Can employers force employees to speak English?

“Not valuing people’s unique identities robs them of belonging, so [employers] Lose talent. They will also lose revenue, when you consider that their share of customers will only get more multicultural from here on out.

“Similarly, I suggest [reader] Consider carefully going to another employer where their identity is valued and respected. “

Professor Joellen Riley Munton, from the University of Technology Sydney Law School, said it was complicated as to whether this was legal. Start by figuring out whether this is company policy or a personal preference, such as a supervisor.

“I would advise that if the employee concerned wants to raise an issue on this matter, they first very politely seek confirmation of the employer’s policy in writing from someone clearly speaking on behalf of the organization.”

If it turns out to be an official organizational rule or directive, it comes down to “whether the employer has a good reason, in relation to the performance of the job”.

“This could include reasons related to trust and harmony in the workplace. If employers insist on a policy of using only English in the workplace, they risk discrimination claims if they take any steps to discipline those who break the rules .”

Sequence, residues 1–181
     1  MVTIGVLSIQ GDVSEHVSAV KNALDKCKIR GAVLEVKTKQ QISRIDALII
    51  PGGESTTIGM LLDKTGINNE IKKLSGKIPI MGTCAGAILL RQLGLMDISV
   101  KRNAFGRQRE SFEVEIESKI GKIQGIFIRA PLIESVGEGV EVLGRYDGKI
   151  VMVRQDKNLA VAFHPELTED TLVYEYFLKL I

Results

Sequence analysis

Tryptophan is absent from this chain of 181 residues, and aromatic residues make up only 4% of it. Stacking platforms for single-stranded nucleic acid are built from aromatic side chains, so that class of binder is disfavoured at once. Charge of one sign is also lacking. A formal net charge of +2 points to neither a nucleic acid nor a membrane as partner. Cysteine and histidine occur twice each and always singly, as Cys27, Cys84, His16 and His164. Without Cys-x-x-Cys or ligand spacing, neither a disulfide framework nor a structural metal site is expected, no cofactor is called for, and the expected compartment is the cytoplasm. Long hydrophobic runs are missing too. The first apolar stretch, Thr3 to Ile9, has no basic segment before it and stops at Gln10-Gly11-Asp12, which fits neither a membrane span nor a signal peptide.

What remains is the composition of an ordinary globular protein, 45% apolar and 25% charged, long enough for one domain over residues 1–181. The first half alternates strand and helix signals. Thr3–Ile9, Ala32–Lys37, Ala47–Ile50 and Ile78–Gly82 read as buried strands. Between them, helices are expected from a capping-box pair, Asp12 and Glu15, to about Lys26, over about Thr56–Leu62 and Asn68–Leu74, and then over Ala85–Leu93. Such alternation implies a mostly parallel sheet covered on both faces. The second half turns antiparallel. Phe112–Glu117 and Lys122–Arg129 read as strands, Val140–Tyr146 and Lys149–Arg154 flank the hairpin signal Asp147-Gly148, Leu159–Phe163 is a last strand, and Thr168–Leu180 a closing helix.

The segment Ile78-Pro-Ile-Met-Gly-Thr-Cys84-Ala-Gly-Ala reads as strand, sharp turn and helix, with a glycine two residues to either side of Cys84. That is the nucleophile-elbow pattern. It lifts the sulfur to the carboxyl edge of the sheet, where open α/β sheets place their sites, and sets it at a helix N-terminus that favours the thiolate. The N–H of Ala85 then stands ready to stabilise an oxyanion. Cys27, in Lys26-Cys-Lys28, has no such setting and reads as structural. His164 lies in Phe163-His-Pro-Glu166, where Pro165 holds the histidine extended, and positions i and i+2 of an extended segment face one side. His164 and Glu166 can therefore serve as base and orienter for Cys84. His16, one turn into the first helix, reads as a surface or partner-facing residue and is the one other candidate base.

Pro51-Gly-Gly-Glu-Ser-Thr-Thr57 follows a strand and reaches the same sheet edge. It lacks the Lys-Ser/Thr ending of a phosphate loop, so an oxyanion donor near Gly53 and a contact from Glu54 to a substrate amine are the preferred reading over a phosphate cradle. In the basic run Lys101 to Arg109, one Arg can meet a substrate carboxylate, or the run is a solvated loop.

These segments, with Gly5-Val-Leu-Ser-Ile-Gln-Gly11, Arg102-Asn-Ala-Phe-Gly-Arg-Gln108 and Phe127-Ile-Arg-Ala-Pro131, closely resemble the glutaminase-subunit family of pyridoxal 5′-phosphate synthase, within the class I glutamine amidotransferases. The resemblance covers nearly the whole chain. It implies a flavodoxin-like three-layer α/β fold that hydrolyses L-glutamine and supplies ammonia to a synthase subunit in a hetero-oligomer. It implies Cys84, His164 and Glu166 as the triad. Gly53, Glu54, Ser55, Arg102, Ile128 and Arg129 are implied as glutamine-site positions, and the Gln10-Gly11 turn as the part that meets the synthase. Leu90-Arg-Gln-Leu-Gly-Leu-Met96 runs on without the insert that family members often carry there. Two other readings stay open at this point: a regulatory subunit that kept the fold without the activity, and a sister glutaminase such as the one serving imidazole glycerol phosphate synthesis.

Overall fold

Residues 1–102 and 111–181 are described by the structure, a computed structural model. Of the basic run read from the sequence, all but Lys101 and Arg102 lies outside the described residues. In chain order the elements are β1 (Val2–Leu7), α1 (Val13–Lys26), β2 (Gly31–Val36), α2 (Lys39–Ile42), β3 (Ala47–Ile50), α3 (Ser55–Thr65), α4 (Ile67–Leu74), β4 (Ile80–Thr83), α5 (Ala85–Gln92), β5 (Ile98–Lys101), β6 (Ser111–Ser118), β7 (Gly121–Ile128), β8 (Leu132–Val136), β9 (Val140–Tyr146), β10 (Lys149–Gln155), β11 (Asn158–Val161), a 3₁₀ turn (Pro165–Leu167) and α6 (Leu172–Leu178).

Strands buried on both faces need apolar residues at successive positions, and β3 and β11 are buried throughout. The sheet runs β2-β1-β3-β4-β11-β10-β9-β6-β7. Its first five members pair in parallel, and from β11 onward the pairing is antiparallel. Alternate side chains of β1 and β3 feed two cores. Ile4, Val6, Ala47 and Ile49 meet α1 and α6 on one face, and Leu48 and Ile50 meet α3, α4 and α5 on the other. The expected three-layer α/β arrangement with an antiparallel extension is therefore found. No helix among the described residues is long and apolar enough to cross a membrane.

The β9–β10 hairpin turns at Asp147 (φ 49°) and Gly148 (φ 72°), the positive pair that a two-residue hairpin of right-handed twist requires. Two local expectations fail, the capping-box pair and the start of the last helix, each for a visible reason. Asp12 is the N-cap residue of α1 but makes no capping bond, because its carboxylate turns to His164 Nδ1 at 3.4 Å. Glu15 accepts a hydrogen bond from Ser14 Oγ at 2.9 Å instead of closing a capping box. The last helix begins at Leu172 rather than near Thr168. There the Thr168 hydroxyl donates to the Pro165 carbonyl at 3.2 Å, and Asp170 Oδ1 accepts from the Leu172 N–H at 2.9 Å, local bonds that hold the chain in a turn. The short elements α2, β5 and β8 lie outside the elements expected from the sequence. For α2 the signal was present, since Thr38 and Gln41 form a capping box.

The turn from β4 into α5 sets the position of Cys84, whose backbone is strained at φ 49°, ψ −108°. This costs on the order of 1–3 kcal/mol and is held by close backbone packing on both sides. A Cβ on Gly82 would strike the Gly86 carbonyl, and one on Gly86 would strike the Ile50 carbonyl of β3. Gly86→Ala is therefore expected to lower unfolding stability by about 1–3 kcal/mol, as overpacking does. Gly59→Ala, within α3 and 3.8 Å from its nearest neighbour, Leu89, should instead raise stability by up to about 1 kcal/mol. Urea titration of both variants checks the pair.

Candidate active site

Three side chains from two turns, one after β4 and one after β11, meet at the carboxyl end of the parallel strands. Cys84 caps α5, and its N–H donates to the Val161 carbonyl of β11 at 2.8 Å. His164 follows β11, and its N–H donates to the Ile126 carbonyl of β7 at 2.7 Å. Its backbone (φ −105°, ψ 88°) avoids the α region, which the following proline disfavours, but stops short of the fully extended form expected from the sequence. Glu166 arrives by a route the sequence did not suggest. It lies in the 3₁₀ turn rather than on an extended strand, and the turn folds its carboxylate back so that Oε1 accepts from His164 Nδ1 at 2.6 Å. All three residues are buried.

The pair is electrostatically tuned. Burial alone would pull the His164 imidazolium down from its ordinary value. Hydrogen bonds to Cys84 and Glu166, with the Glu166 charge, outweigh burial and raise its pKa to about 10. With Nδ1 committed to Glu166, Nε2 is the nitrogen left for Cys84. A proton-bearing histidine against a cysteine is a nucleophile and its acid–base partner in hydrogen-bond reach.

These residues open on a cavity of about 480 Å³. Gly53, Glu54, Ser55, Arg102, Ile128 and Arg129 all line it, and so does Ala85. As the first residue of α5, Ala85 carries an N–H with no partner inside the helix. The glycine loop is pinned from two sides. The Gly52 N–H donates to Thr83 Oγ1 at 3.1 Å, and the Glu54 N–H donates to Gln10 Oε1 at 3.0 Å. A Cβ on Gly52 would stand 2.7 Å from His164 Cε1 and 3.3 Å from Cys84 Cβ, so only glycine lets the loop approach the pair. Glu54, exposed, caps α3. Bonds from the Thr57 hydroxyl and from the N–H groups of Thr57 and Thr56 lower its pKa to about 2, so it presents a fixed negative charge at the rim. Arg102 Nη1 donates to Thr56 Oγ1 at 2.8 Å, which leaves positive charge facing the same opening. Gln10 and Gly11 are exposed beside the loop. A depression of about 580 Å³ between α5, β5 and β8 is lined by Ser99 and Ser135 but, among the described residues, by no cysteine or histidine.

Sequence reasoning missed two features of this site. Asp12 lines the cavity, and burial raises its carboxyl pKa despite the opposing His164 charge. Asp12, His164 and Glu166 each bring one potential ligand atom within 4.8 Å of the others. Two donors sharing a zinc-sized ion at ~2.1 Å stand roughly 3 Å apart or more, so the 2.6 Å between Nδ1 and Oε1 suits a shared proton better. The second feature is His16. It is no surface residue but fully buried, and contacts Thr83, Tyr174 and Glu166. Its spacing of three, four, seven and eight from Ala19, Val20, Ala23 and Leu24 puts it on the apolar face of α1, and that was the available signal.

The problem with determining whether something like this is “legal” is that “it’s very unlikely that an employer will break any law simply by asking people not to speak their own language at work. But if they decide to punish people for disobedience, they May break the law.”

“While employers may insist that English is an ‘inherent requirement of the job’ that communication between employees must be used for work purposes, it is difficult to see why a conversation during breaks would fall within the scope of this defense. Finding fault with someone during breaks Speaking another language may constitute discrimination based on national origin.”

Very kindly, Prof. Munton explained your problem in detail. We won’t print every word here, but I’ve sent it to you in its entirety. Arguably, the legal aspect is a delicate subject. Perhaps less complicated is whether it’s a good place to work. It may be, and it may be a strange anomaly, but the suggestion of colleagues individually attacking each other raises a great deal of concern, in my opinion.

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